The idea on the disaster and following discontinuity in cultural traditions is based on impressive and reliable evidences of the written sources and abundant archaeological material that seem to fit perfectly.
The thesis on military crash Russian principalities underwent in 1237-1240 being directly connected with a number of transformations in Russian culture that had consequently lost numerous characteristic features formed in the 10th—12th cc. gradually has become a commonplace in the works devoted to medieval history and archaeology of Eastern Europe. Yet recent investigations of archaeological monuments of the 12th - 14th cc. in different regions of ancient Rus’ reveal more contradictory a picture of development displaying the qualities of crisis and discontinuity combined with those of cultural continuity and stability of the traditions established during the pre-Mongol period.
Archaeologists improve their methods of investigations, they are aimed at more objective evaluation of archaeological information, and accumulate more data testifying that cultural transformations of mid 13th c. cannot be explained by outward pressure only. Evidently, the time has come for considering cultural situation of the 13th c. from the standpoint of working out more clear ideas on the nature of cultural development in the period under discussion, and re-evaluation of traditional opinions, proceeding from the new material available.
Field investigations of the recent decades have contributed greatly to the list of archaeological associations that can be reliably connected with the dramatic events of 1237-1240. At the same time, new excavations have brought to light a great number of phenomena unknown before which strongly change traditional ideas on cultural situation of the 13th c.
First, it was established that the 13th c. was a period of profound changes in the system of rural settling. Archaeological surveys of rural regions demonstrate that in this period formation of a new cultural landscape started. Its main feature was movement of the dwelling sites to interfluves (“flight to hills”) and wide-scale clearing forests in these regions. In the central and north territories of Russia new territories were settled that had never been settled and managed as agricultural grounds before. At the same time, great deal of dwelling sites were abandoned or changed their location, that had emerged in the 10th - the first half of the 12th cc. and developed firmly for one or more centuries ever since.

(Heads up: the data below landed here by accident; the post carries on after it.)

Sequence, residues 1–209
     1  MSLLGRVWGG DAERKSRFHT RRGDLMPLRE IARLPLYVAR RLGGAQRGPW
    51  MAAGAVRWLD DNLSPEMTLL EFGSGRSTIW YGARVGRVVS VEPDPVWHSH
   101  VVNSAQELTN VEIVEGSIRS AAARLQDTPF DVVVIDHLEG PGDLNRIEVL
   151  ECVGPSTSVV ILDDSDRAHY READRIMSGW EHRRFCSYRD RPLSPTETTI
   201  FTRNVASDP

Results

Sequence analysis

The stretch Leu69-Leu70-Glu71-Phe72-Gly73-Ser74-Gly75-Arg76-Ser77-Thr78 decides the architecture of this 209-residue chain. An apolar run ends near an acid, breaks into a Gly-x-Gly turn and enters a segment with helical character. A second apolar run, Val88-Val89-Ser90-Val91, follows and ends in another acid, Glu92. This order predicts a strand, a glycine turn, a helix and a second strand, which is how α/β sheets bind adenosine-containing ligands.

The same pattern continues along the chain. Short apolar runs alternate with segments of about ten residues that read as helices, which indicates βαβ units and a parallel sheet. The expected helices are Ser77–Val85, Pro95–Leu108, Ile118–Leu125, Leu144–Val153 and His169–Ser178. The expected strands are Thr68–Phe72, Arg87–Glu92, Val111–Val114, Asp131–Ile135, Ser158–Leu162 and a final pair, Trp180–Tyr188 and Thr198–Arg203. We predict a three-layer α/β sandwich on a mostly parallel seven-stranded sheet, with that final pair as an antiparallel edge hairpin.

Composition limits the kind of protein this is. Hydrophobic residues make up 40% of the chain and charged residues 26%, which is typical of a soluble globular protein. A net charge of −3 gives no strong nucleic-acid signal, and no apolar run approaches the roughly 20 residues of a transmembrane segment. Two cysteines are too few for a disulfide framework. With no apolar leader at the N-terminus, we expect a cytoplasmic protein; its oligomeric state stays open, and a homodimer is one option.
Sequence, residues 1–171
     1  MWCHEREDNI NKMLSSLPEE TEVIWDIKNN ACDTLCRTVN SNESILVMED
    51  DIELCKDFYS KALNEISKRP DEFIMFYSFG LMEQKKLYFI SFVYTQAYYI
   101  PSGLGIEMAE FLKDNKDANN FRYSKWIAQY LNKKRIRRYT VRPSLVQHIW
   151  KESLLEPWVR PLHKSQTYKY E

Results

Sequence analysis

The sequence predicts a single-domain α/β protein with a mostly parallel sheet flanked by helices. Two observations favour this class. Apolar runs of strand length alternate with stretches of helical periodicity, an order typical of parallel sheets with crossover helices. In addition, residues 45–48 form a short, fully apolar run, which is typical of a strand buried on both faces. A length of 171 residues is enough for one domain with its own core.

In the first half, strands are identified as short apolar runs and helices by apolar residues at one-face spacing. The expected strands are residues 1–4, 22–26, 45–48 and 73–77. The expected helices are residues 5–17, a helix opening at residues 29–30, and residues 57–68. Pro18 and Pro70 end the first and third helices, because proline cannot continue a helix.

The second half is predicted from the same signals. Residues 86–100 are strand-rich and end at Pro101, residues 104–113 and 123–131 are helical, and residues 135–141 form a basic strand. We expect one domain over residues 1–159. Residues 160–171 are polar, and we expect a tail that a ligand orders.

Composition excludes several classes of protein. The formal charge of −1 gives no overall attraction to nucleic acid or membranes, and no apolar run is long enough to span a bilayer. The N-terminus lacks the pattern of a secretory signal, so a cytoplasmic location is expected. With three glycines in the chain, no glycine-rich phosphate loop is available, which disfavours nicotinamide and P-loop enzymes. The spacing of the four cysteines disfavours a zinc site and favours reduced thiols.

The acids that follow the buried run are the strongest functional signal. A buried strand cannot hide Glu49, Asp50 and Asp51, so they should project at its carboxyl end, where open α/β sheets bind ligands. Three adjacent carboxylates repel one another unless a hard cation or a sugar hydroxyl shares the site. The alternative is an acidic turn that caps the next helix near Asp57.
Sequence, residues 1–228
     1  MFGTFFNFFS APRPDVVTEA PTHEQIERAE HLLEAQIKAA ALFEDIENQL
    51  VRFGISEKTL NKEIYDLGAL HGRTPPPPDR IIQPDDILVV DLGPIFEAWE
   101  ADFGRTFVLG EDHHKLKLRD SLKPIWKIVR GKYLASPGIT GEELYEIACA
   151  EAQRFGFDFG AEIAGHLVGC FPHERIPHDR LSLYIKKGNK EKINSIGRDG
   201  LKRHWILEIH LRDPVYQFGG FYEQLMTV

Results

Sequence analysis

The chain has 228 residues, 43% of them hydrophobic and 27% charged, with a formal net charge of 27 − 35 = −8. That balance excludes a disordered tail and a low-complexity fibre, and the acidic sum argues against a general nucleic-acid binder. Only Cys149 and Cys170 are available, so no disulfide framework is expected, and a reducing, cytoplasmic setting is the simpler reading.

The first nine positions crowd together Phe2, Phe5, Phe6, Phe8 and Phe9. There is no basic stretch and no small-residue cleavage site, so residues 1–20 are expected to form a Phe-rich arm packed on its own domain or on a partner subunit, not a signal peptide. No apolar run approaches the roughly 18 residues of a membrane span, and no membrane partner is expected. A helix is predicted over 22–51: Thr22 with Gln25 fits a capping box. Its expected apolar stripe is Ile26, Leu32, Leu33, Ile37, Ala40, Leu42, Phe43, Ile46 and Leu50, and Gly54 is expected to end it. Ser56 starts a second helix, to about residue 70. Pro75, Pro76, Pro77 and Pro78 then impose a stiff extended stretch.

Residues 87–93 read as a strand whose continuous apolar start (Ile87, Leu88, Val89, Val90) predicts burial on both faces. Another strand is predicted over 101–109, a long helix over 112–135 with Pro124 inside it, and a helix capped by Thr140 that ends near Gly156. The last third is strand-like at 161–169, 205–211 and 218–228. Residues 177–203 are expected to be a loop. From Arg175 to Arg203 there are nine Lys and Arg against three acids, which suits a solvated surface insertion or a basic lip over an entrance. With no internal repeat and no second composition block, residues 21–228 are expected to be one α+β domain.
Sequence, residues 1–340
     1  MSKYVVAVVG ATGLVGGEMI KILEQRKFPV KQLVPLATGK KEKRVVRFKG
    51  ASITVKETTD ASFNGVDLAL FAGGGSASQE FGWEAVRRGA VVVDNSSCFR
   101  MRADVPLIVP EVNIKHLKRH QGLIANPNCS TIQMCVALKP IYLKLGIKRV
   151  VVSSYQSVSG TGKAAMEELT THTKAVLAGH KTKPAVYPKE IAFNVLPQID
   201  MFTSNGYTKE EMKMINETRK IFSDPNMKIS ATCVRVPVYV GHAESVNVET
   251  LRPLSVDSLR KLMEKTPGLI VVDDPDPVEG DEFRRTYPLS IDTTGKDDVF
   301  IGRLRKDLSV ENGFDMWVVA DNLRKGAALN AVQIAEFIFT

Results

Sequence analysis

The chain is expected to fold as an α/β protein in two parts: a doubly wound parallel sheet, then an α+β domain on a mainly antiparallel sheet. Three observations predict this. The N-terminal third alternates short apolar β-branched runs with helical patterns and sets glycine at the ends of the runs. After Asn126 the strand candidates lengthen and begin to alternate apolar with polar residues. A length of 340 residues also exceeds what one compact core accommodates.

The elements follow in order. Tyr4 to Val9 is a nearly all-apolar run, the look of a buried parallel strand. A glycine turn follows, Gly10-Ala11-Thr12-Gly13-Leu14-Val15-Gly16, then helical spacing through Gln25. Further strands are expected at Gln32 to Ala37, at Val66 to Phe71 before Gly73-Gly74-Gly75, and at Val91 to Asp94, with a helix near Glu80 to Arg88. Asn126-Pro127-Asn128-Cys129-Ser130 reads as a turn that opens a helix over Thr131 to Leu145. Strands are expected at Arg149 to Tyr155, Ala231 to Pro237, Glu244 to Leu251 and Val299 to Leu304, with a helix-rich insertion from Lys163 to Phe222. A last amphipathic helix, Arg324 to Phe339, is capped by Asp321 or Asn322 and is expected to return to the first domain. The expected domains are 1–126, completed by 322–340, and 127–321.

Second, more detailed and thorough studies of the artefacts originating from ancient Russian towns, dwelling sites, and cemeteries reveal more complicated character of cultural shifts that took place since the late 12th till the early 14th cc. Popular thesis that in the middle of the 13th c. a great number of artefacts’ types and categories considered as vivid indications of ancient Russian culture came out of use practically at once should be seriously corrected. Though the 13th c. did represent a period of essential transformation of material culture, they developed in the course of rather a long chronological span and were more smooth than it seemed before.
Third, archaeological material produces vivid evidences of rapid development of numerous urban centres and rural regions of 13th century Rus’, including the second half of the century. The rise of new centres accompanied by devastation and decline of old ones is a well-known point met with in historical publications dealing with the situation of the 13th c. Still, serious archaeological data able to confirm it were obtained mostly recently.
The material accumulated more and more convincingly points to the fact that Russian society entered the period of profound inner transformations as early as the first half of the 13th c., the changes affecting various aspects of its existence. These transformations turned to be screened from our attention by the perils and stresses of 1237-1240. The thesis that the historical situation of the 13th c. in Rus’ should be considered mainly as inner crisis has been for the first time formulated by British historian John Fennell. Russian version of his impressive book was published just before the crisis of 1989. But Fennell viewed the period of the 13th c. only as a crisis of power and degrading the ancient Russian political system. In his opinion, no principal changes occurred in economy and culture of ancient Russia in this time. At present we may discuss inner transformations, characteristics of inner crisis on the basis of different sources and concentrating on quite different aspects - settling, economy, and culture.
Obviously, material and natural resources that served as the ground for rapid rise of ancient Rus’ in the 10th—12th cc. by the 13th c. had turned to be exhausted to a great extent, while economic stereotypes and social mechanisms that guaranteed growth before had lost their effectiveness. Reduced volume of long-distance trade, change of traditional systems of agriculture, compulsory transition of great share of population to more limited consumption - these are only several indications of the crisis. The crashing blow dealt by the Mongols chronologically coincided with the period of inner historical changes, aggravated and accelerated their development, but was not the only cause of the recorded transformations.
N. A. Makarov